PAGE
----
CATSKILL — Local restaurants and other businesses reopened with modifications, including patio dining.

Seven regions, including the Capital District, are in phase 2, with others expected to follow by Wednesday. Phase 2 allows offices, salons, car dealerships and other businesses to open their doors, with mandated changes such as social distancing and face coverings.

Spring Kelsey, owner of Salon 255 in Coxsackie, said her business reopened with the required modifications.

“There are a lot of restrictions and guidelines we are required to do, but despite all of that, we had a great week and everybody has been very supportive,” Kelsey said. “It’s been much better than I expected.”

Hair salons and barbershops are required to operate at 50% capacity, and customers must wait outside or in their cars for their appointment, Kelsey said.

“They have to log in and we can’t use our waiting room,” she said. “Obviously, everyone wanted to get in yesterday, but it has worked out,” she said. “The phone hasn’t stopped ringing since we reopened. Even though we may not be essential, we are doing very important work.”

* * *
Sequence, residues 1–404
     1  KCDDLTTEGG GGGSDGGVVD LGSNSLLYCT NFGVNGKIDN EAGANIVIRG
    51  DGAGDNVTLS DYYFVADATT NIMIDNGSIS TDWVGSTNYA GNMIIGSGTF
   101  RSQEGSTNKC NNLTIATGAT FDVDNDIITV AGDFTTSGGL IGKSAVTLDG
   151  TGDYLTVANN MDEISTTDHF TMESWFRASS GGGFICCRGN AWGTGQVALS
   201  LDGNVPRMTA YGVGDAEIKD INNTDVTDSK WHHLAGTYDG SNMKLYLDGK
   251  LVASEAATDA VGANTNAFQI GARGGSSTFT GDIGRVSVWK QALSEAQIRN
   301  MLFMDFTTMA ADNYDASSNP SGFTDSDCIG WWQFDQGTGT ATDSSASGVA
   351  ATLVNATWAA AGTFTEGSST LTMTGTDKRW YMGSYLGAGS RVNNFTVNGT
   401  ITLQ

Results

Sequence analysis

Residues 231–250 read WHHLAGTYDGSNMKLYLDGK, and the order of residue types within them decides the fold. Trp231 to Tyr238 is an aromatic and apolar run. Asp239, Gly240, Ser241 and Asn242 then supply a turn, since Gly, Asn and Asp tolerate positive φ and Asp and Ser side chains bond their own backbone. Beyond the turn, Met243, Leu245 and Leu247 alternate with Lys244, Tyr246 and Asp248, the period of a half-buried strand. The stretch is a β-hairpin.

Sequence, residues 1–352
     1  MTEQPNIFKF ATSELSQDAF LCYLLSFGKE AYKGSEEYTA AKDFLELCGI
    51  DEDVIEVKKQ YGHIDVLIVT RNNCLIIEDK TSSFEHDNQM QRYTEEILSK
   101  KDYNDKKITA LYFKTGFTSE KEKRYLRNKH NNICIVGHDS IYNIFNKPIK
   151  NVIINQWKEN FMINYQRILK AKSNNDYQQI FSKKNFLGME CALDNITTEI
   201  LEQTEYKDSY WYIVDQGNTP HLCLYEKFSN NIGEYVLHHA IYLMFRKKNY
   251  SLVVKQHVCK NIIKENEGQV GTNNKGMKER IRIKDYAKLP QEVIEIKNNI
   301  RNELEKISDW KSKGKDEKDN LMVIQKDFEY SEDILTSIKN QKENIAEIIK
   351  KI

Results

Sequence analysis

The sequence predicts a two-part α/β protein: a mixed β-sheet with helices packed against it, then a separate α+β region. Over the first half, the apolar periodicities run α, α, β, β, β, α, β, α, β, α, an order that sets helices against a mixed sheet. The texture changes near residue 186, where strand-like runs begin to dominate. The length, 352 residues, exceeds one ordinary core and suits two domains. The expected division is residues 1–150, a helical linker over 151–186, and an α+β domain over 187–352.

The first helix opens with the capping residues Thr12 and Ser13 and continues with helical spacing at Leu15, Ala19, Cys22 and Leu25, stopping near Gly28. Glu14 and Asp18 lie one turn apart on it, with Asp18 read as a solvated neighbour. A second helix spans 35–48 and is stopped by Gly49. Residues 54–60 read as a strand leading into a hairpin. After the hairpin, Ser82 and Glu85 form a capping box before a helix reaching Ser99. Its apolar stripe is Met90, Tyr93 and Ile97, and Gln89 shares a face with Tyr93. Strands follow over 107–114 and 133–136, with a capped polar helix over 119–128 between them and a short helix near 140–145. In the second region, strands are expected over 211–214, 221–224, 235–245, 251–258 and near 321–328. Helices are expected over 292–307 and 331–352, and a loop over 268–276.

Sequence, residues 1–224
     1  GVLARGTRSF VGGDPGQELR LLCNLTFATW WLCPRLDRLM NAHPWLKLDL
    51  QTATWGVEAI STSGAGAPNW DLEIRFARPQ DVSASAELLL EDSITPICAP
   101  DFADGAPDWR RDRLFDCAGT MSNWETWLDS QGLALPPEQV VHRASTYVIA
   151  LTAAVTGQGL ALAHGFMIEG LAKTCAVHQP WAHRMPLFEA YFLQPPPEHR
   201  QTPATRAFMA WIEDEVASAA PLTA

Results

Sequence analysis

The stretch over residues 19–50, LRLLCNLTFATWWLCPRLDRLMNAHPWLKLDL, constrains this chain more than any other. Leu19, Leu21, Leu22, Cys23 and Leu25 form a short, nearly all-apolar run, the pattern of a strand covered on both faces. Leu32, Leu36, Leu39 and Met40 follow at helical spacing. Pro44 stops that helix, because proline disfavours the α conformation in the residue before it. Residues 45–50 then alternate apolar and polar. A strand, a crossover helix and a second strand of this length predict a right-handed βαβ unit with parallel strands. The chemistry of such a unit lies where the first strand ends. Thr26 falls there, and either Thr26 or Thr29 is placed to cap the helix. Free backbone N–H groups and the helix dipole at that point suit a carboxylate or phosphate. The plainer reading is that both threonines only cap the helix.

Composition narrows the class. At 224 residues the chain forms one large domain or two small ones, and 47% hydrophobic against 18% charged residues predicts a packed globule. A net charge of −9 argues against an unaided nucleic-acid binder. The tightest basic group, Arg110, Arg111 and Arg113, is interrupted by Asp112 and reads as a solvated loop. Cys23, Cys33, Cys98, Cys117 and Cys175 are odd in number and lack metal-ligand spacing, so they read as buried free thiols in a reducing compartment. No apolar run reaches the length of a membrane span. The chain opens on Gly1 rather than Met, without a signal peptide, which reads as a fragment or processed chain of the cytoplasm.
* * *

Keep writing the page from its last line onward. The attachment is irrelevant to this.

The Columbia County Chamber of Commerce has been working with the county’s tourism department and the Columbia Economic Development Corporation to promote the reopening of businesses of all kinds in the county, Chamber of Commerce President and CEO Jeffrey Hunt said.

“There are more businesses reopening and efforts to encourage people to shop local,” Hunt said. “We have started a Shop Local campaign and purchased over 100 yard signs to encourage people to shop locally.”

The restrictions have led to some confusion for many businesses, Hunt said. But economic activity appears to be picking up.

“I rode down Warren Street on Saturday and Sunday and I saw a lot of people visiting businesses, so I think people are beginning to come back to work and shop a little more,” Hunt said.